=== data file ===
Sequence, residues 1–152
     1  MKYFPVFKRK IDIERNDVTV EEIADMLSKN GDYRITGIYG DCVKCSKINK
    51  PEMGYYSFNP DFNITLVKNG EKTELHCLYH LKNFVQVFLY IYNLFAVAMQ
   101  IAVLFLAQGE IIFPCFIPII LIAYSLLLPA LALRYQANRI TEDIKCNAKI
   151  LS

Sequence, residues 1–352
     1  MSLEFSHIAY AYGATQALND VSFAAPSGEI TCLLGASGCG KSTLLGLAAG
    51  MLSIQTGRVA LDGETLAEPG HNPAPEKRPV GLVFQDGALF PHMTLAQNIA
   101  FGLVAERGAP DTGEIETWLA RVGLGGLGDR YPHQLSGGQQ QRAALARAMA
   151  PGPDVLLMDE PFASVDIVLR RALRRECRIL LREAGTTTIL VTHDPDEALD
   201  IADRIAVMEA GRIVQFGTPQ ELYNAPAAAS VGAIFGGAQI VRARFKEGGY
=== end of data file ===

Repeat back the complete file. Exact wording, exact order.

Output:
Sequence, residues 1–152
     1  MKYFPVFKRK IDIERNDVTV EEIADMLSKN GDYRITGIYG DCVKCSKINK
    51  PEMGYYSFNP DFNITLVKNG EKTELHCLYH LKNFVQVFLY IYNLFAVAMQ
   101  IAVLFLAQGE IIFPCFIPII LIAYSLLLPA LALRYQANRI TEDIKCNAKI
   151  LS

Sequence, residues 1–352
     1  MSLEFSHIAY AYGATQALND VSFAAPSGEI TCLLGASGCG KSTLLGLAAG
    51  MLSIQTGRVA LDGETLAEPG HNPAPEKRPV GLVFQDGALF PHMTLAQNIA
   101  FGLVAERGAP DTGEIETWLA RVGLGGLGDR YPHQLSGGQQ QRAALARAMA
   151  PGPDVLLMDE PFASVDIVLR RALRRECRIL LREAGTTTIL VTHDPDEALD
   201  IADRIAVMEA GRIVQFGTPQ ELYNAPAAAS VGAIFGGAQI VRARFKEGGY